Solar Sail Scatters to the Winds

This week the Planetary Society launched Cosmos 1, a prototype “solar sail” into space, marking the first attempt to prove that thin films of reflective material can be deployed in space to capture the solar winds for a new form of space travel. Tragically, all indications at this print time suggest the strong likelihood of there having been a failure at launch and a total loss of the delivery vehicle.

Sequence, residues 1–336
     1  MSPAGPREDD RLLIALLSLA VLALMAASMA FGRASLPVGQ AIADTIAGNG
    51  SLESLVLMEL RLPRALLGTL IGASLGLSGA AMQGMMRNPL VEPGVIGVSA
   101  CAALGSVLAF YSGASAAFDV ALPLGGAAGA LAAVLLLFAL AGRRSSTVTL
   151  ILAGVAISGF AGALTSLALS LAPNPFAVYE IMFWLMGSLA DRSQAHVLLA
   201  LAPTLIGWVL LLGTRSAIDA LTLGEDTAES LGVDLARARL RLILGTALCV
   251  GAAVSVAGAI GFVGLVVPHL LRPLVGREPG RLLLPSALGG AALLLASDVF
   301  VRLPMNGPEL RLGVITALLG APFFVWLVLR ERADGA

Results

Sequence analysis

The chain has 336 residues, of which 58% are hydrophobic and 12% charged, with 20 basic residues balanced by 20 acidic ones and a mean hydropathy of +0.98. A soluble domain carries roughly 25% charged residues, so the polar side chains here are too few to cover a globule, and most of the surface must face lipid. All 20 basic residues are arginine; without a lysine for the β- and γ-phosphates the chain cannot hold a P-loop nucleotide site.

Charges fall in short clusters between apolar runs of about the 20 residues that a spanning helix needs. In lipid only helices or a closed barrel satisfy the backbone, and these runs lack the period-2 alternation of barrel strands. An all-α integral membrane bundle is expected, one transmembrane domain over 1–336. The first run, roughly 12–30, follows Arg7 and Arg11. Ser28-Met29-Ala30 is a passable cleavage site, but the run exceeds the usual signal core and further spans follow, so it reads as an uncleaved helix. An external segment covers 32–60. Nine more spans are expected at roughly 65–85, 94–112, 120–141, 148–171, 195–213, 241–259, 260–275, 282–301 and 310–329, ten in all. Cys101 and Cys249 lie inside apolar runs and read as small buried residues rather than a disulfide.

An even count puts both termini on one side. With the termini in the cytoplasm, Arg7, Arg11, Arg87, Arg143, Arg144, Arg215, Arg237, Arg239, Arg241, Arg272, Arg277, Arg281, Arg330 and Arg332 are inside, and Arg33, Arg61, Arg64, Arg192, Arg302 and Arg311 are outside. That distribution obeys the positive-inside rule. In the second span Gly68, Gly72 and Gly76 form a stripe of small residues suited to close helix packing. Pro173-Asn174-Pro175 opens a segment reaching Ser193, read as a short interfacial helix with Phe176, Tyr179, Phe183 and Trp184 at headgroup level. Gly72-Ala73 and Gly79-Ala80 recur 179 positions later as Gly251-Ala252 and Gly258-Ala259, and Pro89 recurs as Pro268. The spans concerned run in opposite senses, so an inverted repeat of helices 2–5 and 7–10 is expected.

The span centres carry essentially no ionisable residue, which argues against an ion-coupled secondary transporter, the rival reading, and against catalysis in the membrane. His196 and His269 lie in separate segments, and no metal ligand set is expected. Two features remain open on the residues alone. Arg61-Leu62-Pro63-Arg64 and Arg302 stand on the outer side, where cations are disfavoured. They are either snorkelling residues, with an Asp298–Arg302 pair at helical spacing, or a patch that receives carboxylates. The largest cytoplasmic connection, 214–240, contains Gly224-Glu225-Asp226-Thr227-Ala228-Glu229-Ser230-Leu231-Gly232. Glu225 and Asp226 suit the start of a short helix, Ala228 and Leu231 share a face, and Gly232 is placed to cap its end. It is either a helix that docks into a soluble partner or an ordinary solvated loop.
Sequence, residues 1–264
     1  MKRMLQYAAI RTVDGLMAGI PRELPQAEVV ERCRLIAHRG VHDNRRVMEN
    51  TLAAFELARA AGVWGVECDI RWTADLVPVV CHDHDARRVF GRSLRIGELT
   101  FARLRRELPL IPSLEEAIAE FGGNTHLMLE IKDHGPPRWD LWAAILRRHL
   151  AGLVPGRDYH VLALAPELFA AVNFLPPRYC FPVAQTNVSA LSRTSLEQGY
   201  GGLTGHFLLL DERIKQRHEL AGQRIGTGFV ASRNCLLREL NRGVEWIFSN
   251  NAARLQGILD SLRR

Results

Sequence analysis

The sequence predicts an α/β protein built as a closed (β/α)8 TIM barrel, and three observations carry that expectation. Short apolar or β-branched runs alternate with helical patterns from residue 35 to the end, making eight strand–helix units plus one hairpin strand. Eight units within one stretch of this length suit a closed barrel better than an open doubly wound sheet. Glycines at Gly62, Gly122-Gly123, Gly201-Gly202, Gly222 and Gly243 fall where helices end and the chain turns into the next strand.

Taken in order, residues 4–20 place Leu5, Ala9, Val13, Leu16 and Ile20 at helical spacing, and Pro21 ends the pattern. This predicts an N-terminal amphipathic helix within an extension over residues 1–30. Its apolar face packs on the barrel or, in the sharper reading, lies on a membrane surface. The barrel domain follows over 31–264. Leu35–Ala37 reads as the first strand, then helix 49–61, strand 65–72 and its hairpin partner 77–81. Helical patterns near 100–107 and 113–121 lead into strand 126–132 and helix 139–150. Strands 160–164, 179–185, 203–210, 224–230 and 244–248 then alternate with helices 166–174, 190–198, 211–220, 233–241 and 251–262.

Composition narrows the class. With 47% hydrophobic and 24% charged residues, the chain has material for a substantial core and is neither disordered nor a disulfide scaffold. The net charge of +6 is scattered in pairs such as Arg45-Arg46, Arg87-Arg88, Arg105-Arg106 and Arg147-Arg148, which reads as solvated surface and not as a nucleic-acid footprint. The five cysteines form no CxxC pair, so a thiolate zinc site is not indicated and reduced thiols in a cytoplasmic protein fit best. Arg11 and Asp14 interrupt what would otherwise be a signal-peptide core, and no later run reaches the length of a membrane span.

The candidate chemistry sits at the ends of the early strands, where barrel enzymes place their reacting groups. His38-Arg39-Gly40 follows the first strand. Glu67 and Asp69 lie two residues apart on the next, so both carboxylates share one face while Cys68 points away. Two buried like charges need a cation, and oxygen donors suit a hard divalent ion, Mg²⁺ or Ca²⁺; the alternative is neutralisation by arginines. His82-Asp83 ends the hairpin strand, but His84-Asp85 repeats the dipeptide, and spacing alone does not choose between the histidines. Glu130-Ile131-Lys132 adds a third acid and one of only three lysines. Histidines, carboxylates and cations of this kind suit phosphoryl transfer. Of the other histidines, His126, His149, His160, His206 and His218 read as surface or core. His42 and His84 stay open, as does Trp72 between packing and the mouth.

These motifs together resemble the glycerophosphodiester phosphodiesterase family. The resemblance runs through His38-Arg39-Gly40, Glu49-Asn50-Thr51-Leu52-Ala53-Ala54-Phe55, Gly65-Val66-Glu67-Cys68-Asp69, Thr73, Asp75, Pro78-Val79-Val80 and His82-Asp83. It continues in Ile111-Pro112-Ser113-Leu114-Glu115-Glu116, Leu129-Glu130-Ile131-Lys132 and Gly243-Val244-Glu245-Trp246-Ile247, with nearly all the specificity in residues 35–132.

The Planetary Society’s work, along with other solar sail projects, is a clear departure from traditional solar applications reported on in They do, however, reflect an interesting and promising new mode for space travel using the same plentiful rays that power PV and solar thermal systems throughout the world. Proponents say solar sailing is the only known technology that may someday enable interstellar flight. Solar sailing is done not with photovoltaics or actual wind, but with reflected light pressure – its push on giant sails can change orbital energy and spacecraft velocity continuously. Although they accelerate slowly, they will continue to accelerate for a long time without the need for fuel. Most spacecraft are launched from land, but the Planetary Society’s craft was launched on converted intercontinental ballistic missile from a Russian submarine beneath the Barents Sea. A network of ground stations tried to track and receive data from the spacecraft after launch. The prime Russian stations are near Moscow, but additional tracking sites around the world include sites operated by US government agencies: the National Oceanic and Atmospheric Administration (NOAA) and the U.S. Air Force. Within the past 24 hours the Russian space agency (RKA) has made a tentative conclusion that the Volna rocket carrying Cosmos 1 failed during the firing of the first stage. There still remains a very distant possibility that the craft may have made it into a shallow orbit, but those odds are decreasing by the hour as no definitive signals or signs have appeared. “With failure of Cosmos 1 virtually certain, the team members that have been staffing Project Operations Pasadena have elected to return to their homes,” said Emily Lakdawalla, Project Operations Assistant and Image Processing Coordinator for Cosmos 1, on the Society’s Web-log. Once injected into Earth’s orbit, the sail would have been deployed by inflatable tubes, which pull out the sail material and make the structure rigid. Cosmos 1 had eight such blades, each 50 feet long, configured like a giant windmill. The blades can be turned like helicopter blades to reflect sunlight in different directions. This enables the sail to “tack,” tracking the sun and controlling the attitude of the spacecraft. Each blade measures 15 meters in length and is made from 5-micron-thin aluminized, reinforced Mylar — about 1/4 the thickness of a trash bag. Both Japan and the United States are investigating solar sails. Japan’s Institute of Space and Astronautical Science (ISAS) successfully deployed two solar sails in space last August, but did not attempt to control the sails once they were launched. Last month, Alliant Techsystems and the National Aeronautic and Space Administration (NASA) conducted a successful ground test of a solar sail measuring 66 feet wide in a vacuum chamber operated by the NASA Glenn Research Center. “The team may be scattering, but it’s not over,” Lakdawalla said. “The search for the spacecraft continues,” “Many of our members are telling us they’re ready to try again. We can’t say whether or not we’ll try again with this mission until we find out what really happened. But we’ll certainly stay in the business, and try more audacious things.” For updates from the Planetary Society’s Web site, see the following link.
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